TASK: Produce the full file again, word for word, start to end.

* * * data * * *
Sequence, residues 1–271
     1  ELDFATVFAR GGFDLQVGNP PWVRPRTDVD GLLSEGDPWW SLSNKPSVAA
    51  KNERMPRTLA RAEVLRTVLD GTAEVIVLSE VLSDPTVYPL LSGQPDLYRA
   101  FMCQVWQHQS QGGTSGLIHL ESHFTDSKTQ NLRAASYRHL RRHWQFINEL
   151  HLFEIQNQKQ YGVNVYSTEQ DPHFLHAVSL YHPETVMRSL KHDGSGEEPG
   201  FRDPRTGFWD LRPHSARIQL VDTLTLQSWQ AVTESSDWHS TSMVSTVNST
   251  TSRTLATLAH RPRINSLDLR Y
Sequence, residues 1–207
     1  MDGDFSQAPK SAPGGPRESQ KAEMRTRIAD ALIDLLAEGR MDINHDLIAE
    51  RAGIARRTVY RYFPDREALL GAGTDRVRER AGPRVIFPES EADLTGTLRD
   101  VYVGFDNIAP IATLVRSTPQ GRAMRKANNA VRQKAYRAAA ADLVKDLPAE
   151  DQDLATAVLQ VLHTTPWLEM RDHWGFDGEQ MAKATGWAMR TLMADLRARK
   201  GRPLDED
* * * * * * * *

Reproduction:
Sequence, residues 1–271
     1  ELDFATVFAR GGFDLQVGNP PWVRPRTDVD GLLSEGDPWW SLSNKPSVAA
    51  KNERMPRTLA RAEVLRTVLD GTAEVIVLSE VLSDPTVYPL LSGQPDLYRA
   101  FMCQVWQHQS QGGTSGLIHL ESHFTDSKTQ NLRAASYRHL RRHWQFINEL
   151  HLFEIQNQKQ YGVNVYSTEQ DPHFLHAVSL YHPETVMRSL KHDGSGEEPG
   201  FRDPRTGFWD LRPHSARIQL VDTLTLQSWQ AVTESSDWHS TSMVSTVNST
   251  TSRTLATLAH RPRINSLDLR Y
Sequence, residues 1–207
     1  MDGDFSQAPK SAPGGPRESQ KAEMRTRIAD ALIDLLAEGR MDINHDLIAE
    51  RAGIARRTVY RYFPDREALL GAGTDRVRER AGPRVIFPES EADLTGTLRD
   101  VYVGFDNIAP IATLVRSTPQ GRAMRKANNA VRQKAYRAAA ADLVKDLPAE
   151  DQDLATAVLQ VLHTTPWLEM RDHWGFDGEQ MAKATGWAMR TLMADLRARK
   201  GRPLDED